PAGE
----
Stewardship

Where Hunting Happens, Conservation Happens™

Why We Hunt

The Ethics of Sport Hunting

By Theodore R. Vitali, B&C Professional Member
Excerpt from the Spring 2018 issue of Fair Chase

Sport hunting differs from subsistence and sustenance hunting because sport hunting is practiced for the sake of the human experience/human flourishing; not solely or simply for sustaining and enhancing the biotic community (Aldo Leopold) or food or game management. The fundamental object and justifying reason for sport hunting is the exercise of precisely human virtues and the radical reconnection of the hunter to the life-death continuum of the natural, wild community.

We hunt in order to be human. We seek to recover within ourselves our primordial relationship to the wildness of the land and its inhabitants. We hunt to recover our relationship to all living things that exist in the continuum of life and death that is the biotic world. We are not killers nor do we intend to be killers. We are simply and solely active and passive members, participants, in the spiritual life of the living and dying world.

In 1992, while attending a conference on hunting ethics, a video was shown to the participants in which a man was shown getting out of a car, dressed in street clothes, approaching and shooting a tiger lying beneath a tree. The chair of the conference asked about the morality of such hunting? I responded that this was not hunting. This was simply killing. It may have been moral or immoral, but it had nothing to do with hunting. The reason? There was no relationship between the hunter, the tiger and the land—understood as Aldo Leopold understood it.

Hunting is a human enterprise in which the human hunter intentionally engages the continuum of life and death within the context of the biotic community in which both are members, both sharers of the land. The hunter, especially the modern urbanized hunter, hunts precisely to engage the wildness of the land, en- gaging in its mystery, its unpredictability, its intimacy. The hunter approaches the wild animal on the wild animal’s own terms within the predator-prey relation- ship, taking not only the life and flesh of the animal, but also accepting the animal’s spirit given to him through the act of killing. The animal gives him or herself to the hunter who has earned it through the intimacy and integrity of the chase—the spiritual and physical pursuit. Is it any wonder that the hunter truly loves the animal he/she hunts? In fact, without such love, the hunter is not a hunter at all but only and merely a killer.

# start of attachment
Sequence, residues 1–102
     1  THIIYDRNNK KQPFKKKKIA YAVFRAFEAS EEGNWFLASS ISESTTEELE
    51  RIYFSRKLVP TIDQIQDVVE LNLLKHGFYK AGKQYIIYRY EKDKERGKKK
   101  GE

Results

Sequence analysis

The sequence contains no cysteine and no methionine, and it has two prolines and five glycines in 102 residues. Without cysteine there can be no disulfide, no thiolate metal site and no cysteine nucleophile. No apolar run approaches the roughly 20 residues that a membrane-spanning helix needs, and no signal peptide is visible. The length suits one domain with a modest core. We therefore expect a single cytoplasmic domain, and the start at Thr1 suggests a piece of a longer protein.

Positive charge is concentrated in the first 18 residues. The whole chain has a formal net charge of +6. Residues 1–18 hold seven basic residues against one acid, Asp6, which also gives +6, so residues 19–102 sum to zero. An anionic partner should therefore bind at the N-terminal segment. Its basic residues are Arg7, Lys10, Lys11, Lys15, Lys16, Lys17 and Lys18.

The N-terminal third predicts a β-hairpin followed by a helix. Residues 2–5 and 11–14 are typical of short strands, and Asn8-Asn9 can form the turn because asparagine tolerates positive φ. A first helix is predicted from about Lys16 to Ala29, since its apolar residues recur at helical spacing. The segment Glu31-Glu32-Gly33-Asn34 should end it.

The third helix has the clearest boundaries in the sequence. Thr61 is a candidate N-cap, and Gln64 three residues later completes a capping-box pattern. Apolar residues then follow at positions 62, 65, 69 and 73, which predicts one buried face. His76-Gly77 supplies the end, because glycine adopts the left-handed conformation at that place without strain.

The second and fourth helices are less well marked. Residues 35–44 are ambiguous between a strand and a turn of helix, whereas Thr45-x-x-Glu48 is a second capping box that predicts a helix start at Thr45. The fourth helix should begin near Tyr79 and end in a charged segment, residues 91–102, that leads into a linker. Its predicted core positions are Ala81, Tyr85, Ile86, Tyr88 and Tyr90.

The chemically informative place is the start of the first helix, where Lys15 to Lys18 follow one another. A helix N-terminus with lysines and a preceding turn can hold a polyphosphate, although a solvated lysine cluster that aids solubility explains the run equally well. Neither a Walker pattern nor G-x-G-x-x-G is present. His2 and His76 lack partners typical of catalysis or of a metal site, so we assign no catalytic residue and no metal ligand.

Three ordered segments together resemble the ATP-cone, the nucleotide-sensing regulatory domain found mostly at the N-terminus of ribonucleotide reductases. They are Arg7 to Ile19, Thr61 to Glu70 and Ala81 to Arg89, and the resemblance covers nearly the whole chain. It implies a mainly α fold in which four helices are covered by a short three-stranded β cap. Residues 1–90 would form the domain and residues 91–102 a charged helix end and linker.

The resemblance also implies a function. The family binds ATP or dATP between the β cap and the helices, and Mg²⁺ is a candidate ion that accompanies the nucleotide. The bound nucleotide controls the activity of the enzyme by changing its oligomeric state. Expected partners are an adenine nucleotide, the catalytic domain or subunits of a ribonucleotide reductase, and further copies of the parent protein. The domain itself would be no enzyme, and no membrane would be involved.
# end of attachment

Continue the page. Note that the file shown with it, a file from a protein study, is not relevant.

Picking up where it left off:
We hunt in order to be human. We seek to recover within ourselves our primordial relationship to the wildness of the land and its inhabitants. We hunt to recover our relationship to all living things that exist in the continuum of life and death that is the biotic world. We are not killers nor do we intend to be killers. We are simply and solely active and passive members, participants, in the spiritual life of the living and dying world.

The morality and thus the ethics of hunting rests ultimately on this basic truth: we exist to foster the well-being of the biotic community by being engaged in that community as integral members as if it were of the living world. We hunt morally when we hunt as active contributors to and as intimate and loving members of this community.

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"The wildlife and its habitat cannot speak. So we must and we will."

-Theodore Roosevelt